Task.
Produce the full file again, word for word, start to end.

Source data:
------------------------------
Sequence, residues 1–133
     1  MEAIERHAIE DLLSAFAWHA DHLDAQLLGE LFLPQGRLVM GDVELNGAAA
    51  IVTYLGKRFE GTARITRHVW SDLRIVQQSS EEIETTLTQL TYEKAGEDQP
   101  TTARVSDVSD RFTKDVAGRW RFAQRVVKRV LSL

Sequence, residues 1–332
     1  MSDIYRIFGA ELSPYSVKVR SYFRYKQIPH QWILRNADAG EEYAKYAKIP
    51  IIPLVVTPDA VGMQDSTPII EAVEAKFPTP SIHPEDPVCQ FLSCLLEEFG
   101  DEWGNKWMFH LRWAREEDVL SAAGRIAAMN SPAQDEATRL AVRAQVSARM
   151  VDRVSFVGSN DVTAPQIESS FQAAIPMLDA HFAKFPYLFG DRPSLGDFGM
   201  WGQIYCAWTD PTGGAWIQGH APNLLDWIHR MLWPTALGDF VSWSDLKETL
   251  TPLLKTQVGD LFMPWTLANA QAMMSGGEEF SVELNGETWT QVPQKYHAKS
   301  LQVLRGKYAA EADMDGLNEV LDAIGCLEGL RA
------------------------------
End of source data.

Sequence, residues 1–133
     1  MEAIERHAIE DLLSAFAWHA DHLDAQLLGE LFLPQGRLVM GDVELNGAAA
    51  IVTYLGKRFE GTARITRHVW SDLRIVQQSS EEIETTLTQL TYEKAGEDQP
   101  TTARVSDVSD RFTKDVAGRW RFAQRVVKRV LSL

Sequence, residues 1–332
     1  MSDIYRIFGA ELSPYSVKVR SYFRYKQIPH QWILRNADAG EEYAKYAKIP
    51  IIPLVVTPDA VGMQDSTPII EAVEAKFPTP SIHPEDPVCQ FLSCLLEEFG
   101  DEWGNKWMFH LRWAREEDVL SAAGRIAAMN SPAQDEATRL AVRAQVSARM
   151  VDRVSFVGSN DVTAPQIESS FQAAIPMLDA HFAKFPYLFG DRPSLGDFGM
   201  WGQIYCAWTD PTGGAWIQGH APNLLDWIHR MLWPTALGDF VSWSDLKETL
   251  TPLLKTQVGD LFMPWTLANA QAMMSGGEEF SVELNGETWT QVPQKYHAKS
   301  LQVLRGKYAA EADMDGLNEV LDAIGCLEGL RA